Ecosystems are like small worlds inside our big world. In fact, our entire world is an ecosystem that includes countless smaller ecosystems, and these ecosystems keeps life going on our planet.
So, what does the ecosystem mean?
Ecosystem is an environment where living organisms, like plants and animals, and non-living things, like water and soil, live and interact with each other. The living organisms survive when their specific needs are met. These needs include food, shelter, temperature, water and air.
So, the ecosystem includes two major components: Biotic and Abiotic. Biotic means the living organisms in the system. Abiotic means the non-living elements in the system. Living organisms interact with non-living things, and depend on each other for survival.
Ecosystems have no particular size. An ecosystem can be small, like inside a tree trunk, medium like a pond, or large like the ocean.
It is agreed that the living organisms need food to survive, but how do the living organisms in the ecosystem get food?
The food chain explains how living things get the food they need. Each living thing in an ecosystem has a role to play, either a producer, a consumer or a decomposer.
- Producers are the living things that make their own food. Plants are producers. They do not depend on other organisms for food, instead they make their own food through a process called photosynthesis, in which they use sunlight, carbon dioxide and water to produce food.
- Consumers are the organisms that eat other living things. They do not produce food within themselves. Humans and animals are consumers. They eat plants or other animals.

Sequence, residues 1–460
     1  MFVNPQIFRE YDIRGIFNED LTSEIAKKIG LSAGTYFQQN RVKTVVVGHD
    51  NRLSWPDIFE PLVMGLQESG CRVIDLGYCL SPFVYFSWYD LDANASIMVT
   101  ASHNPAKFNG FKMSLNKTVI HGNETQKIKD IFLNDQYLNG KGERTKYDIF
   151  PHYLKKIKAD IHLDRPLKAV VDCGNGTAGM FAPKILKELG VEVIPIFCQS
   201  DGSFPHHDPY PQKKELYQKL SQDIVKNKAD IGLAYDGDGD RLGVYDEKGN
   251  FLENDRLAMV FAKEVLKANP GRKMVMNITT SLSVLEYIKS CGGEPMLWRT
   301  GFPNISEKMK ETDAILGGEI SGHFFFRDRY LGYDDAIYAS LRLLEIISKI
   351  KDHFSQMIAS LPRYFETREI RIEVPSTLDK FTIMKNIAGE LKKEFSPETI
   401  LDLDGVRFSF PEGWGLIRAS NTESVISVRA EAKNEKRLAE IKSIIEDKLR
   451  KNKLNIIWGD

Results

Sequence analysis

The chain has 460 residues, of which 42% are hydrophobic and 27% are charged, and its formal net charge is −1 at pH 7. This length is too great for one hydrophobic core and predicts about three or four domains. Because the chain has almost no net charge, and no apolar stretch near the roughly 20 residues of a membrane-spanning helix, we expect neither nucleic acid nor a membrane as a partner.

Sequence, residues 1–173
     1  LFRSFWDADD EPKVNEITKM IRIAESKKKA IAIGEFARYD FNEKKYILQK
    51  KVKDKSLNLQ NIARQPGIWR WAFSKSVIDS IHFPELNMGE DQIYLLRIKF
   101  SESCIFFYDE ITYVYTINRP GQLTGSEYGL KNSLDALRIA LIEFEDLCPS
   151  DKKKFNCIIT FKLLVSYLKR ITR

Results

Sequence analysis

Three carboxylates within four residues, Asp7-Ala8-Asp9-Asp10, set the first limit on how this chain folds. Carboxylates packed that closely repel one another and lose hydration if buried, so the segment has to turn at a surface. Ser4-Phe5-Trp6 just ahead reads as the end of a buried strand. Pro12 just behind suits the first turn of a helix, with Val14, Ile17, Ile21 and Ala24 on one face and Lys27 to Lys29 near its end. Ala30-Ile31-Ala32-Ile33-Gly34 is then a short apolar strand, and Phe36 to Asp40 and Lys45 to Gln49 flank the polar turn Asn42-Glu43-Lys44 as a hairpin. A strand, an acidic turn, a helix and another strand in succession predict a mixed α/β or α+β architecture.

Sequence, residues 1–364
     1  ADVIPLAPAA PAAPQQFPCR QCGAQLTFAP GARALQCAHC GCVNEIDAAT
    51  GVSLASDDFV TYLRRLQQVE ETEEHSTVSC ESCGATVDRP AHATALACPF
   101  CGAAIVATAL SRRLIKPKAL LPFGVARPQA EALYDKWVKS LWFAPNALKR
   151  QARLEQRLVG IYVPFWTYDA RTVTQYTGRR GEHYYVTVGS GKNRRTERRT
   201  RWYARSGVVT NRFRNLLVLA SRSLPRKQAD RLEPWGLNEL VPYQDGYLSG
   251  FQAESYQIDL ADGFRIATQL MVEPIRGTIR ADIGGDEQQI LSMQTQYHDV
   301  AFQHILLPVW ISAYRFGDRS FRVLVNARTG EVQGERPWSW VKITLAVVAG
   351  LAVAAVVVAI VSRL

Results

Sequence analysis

- Decomposers are living things that break down waste and dead animals or plants, and return nutrients to the soil, so that new plants grow. Bacteria and fungi, like mushrooms, are examples for decomposers. They like to eat dead things, which increases the soil’s fertility.
So, the way that producers, consumers, and decomposers provide nutrients for one another is called a food chain. Decomposers break down dead things, which helps nourish the soil. The better soil helps producers, which are plants. Then, consumers eat the producers, other consumers, or both, depending on their type. After the consumers die, the decomposers break them down to help the soil, and the cycle goes on.
In the ecosystem, the water, water temperature, plants, animals, air, light and soil all work together. For example, if there is not enough water or light, or if the soil does not have the right nutrients, the plants will die. If the plants die, the animals that depend on plants for food will die. If those animals die, other animals that depend on those animals will die. So, all the parts in an ecosystem work together to make a balanced system. When the balance in the ecosystem is disrupted, organisms cannot thrive.
A healthy ecosystem should be diverse. Diversity means different kinds of organisms play different roles. An ecosystem depends on different kinds of organisms to keep it in balance. However, introducing new organisms can upset the natural balance of an ecosystem.